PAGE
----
But now I was able to understand Susan's condition differently. Her chronic back pain, headaches, and irritable bowel syndrome finally made sense to me. I myself had once been in almost the exact condition as Susan; I had also listened to the conventional medical wisdom and failed to find relief from the treatment plans given to me by modern body-medicine experts.

My personal path and research had led me out of pain and into a new understanding of the true cause of Susan's problems. Her back pain was not related to her degenerative disks or heavy lifting; the source of her complaints was deeper and broader and involved her mind and body and spirit. Specifically, I determined that Susan was suffering from symptoms related to Autonomic Overload Syndrome (AOS) —a term I've formulated to describe the physiological process that results in different types of chronic pain. Furthermore, the great news about AOS is that, in most cases, patients like Susan who suffer from this syndrome can become pain-free.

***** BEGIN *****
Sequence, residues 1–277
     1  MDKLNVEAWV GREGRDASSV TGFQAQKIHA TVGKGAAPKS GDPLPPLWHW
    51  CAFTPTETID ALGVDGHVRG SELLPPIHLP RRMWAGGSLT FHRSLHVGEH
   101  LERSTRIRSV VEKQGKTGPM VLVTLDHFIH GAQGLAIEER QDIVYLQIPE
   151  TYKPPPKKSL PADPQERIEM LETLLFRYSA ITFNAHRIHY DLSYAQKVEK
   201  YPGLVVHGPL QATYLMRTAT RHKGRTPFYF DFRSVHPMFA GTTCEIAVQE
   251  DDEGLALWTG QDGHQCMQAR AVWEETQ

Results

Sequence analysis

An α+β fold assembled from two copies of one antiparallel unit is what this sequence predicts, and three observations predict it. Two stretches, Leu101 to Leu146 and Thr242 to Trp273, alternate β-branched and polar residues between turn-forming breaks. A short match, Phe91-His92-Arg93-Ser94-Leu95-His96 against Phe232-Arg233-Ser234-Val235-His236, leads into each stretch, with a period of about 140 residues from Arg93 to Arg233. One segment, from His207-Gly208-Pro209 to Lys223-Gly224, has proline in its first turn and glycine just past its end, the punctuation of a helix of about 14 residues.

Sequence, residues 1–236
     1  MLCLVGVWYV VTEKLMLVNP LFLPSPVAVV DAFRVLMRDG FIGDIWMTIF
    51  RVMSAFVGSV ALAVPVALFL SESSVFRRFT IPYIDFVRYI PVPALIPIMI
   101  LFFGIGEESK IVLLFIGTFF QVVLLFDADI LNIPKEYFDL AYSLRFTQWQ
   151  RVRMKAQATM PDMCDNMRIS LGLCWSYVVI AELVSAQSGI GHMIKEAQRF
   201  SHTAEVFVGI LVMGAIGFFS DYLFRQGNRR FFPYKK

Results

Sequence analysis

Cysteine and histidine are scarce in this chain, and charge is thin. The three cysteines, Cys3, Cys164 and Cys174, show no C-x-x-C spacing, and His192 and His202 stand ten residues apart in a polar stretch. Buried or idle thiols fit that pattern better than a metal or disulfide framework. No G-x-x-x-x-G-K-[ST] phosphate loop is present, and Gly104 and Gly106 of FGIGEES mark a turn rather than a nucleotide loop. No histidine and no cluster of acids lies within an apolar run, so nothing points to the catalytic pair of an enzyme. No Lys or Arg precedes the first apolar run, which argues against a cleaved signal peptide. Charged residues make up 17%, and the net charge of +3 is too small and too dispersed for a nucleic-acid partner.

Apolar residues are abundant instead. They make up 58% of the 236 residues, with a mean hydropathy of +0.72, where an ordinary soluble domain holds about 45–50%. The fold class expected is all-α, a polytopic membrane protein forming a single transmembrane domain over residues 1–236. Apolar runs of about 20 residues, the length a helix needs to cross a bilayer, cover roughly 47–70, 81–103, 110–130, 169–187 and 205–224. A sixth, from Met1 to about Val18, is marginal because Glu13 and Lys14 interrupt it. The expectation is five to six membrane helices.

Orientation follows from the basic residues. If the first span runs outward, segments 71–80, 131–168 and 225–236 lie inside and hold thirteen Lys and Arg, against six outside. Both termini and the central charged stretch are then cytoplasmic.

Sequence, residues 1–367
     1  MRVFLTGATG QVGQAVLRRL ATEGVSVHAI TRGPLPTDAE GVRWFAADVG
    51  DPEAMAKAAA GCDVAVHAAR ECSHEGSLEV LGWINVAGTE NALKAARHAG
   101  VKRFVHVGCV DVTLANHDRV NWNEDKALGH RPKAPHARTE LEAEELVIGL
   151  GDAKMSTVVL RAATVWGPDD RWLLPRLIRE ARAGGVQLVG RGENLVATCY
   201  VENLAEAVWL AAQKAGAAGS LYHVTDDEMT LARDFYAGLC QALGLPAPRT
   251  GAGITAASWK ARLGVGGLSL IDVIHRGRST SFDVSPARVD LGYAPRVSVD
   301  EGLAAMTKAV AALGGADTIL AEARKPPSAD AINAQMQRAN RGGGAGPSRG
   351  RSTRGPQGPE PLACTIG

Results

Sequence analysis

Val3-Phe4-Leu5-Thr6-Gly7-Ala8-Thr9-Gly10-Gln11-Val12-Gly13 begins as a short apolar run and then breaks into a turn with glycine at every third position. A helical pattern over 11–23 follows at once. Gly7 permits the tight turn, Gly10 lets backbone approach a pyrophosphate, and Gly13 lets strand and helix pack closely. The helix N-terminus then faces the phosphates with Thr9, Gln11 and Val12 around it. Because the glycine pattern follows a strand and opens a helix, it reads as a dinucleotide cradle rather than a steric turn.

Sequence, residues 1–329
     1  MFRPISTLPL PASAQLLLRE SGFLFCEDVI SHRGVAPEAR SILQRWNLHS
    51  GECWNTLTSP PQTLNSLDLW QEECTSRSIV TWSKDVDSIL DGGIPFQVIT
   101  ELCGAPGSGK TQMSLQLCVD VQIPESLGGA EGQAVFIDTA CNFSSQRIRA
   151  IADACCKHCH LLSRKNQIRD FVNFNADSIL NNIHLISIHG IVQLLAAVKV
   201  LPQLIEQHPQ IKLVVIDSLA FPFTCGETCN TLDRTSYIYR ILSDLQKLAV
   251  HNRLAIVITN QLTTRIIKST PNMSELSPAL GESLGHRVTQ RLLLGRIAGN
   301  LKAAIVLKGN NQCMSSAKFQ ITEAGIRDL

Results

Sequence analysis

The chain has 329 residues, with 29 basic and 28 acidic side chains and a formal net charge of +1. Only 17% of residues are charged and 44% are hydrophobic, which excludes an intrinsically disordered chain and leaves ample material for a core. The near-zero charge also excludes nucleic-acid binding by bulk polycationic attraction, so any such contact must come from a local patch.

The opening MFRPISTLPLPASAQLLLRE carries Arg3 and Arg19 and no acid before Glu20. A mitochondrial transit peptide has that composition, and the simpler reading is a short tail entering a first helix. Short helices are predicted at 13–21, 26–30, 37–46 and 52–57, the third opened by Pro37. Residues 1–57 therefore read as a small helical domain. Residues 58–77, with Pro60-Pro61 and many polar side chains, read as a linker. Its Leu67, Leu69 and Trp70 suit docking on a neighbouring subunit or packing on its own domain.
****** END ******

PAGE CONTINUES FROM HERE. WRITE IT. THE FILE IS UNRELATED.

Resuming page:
So I spent about forty-five minutes with Susan, probing her physical symptoms, her psychological makeup, her personality traits, and her stresses and pressures in life. We discussed her past medical problems, her family history, and her spiritual history. I asked her about her personal beliefs and spiritual background, because a person's deepest convictions and worldview can become powerful factors in recovery from physical pain.

Early on, I noticed an important feature of her personality that had set her up for chronic pain: her tendency to be a Perfectionist. Susan set extremely high standards for herself and others. Her lists of things to do were never-ending. But even though she put a lot of pressure on herself in her professional and personal life, she usually found that she didn't measure up—and, of course, neither did those around her. Like most Perfectionists, she became irritated and frustrated easily. But you would never have known it, because she had learned quite well how to "stuff," or bury, her dangerous emotions into her subconscious mind.

"I don't consider myself an angry person at all," she said. "Yes, I get frustrated and irritated with people, especially doctors. They think they're always right and they know everything. But of course I don't show it—I'm just a nurse, and you don't tell doctors what you really think!"